To the reduction of these places will be added 323 flight attendants who will stop working under the modality of a leave without pay.

The pilots have accepted reductions in their salaries of 30% for the last three months of the year.

266 of the 1,800 pilots have been given a leave without pay since July.

José Suárez, spokesman for the union, indicates that, beyond these licenses, the agreement does not contemplate job cuts for now and rules out a strike.

"What would enter the equation is to know the final fleet number to be able to know the real need for pilots," he says.

Interjet, the hardest hit

With a hybrid model that mixes traditional and low-cost features, Interjet is more vulnerable than Aeroméxico.

It drags problems with the Tax Administration Service, to whom it allegedly owes $ 27 million for non-payment of taxes between 2013 and 2017. In July, the company announced an injection of $ 150 million from entrepreneurs Alejandro del Valle and Carlos Cabal Peniche, now partners of the president of the airline Miguel Alemán Magnani.

There are doubts about whether the inflow of resources has been made effective, points out the aeronautical expert Rogelio Rodríguez, professor at UNAM.

“The shareholders have deferred the capitalization.

There is a vicious circle because the company is in default of the payment of workers' wages, it has liquidity and debt problems, ”he says.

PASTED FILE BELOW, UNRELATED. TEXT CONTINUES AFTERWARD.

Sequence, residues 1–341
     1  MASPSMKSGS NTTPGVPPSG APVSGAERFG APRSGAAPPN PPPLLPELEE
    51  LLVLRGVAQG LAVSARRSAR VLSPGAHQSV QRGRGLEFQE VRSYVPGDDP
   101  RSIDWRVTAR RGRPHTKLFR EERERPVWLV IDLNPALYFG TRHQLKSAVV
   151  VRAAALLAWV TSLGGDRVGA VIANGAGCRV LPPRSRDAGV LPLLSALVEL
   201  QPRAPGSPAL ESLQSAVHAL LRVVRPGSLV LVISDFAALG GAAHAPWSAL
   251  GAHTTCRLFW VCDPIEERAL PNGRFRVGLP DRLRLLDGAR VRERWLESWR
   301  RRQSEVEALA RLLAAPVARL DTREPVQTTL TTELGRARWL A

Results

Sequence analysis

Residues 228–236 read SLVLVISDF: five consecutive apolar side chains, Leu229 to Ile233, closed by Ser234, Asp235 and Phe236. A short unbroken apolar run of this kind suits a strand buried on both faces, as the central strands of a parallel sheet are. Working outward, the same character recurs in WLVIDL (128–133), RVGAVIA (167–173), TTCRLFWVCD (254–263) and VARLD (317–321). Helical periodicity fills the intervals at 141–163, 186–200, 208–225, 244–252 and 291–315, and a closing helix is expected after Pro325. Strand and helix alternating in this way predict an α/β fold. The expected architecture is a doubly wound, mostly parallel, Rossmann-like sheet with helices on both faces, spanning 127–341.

Interjet has not responded to questions from this newspaper in this regard.

The airline is also facing the threat of a strike on October 30 by some of its workers, who denounce that they have not received a salary for at least a month.

It took Danilo Carmona, 31, more than 90 days to deliver the settlement.

For two years he was a revenue optimization specialist at Interjet.

Accustomed to handling the airline's figures, Carmona was a front-line witness to the sales collapse due to the pandemic.

"On a normal day the company sold between 30 and 40 million pesos, after March it began to sell between 2 and 3 million pesos," he explained.

Since March, he adds, employees have been notified of a 50% reduction in their salary.

The promise that his salary and that of his colleagues would be restored never came.

After months of living on half his income, he was notified of his dismissal in mid-August.

In Monterrey, Roberto Díaz Trejo, 39, is still waiting for the payment of 32,000 pesos that the airline owes him.

Until April, I worked as a ground crew.

With the reduction of air routes, the corporate made the decision to close its department.

"Six months have passed and they have not given me liquidation and I brought them the citations and they do not appear and my colleagues who are active in the airline have not received three or four fortnights."

Díaz Trejo seeks to recover even part of his settlement and his savings fund in the corridors of the labor courts.

Like him, thousands of workers in the sector, have endured in uncertainty the reduction of their salary or forced breaks.

Although Volaris and VivaAerobus have also been forced to reduce salaries and routes, they are emerging more gracefully than their two great rivals thanks to their fares and lighter structure.

In the case of Volaris, now the main airline in the country by number of passengers, its shareholders approved in September a capital increase of 3,500 million pesos, about 167 million dollars at this week's exchange rate.

Although its competitors recover, the company expects to maintain around 17% of the international market and 40% of the domestic market in 2021, ten percentage points more than just a year ago.

Source: elparis

All news articles on 2020-10-26

You may like

Business 2020-09-13T20:28:49.070Z
Business 2020-06-23T10:23:00.747Z

Trends 24h

Latest

© Communities 2019 - Privacy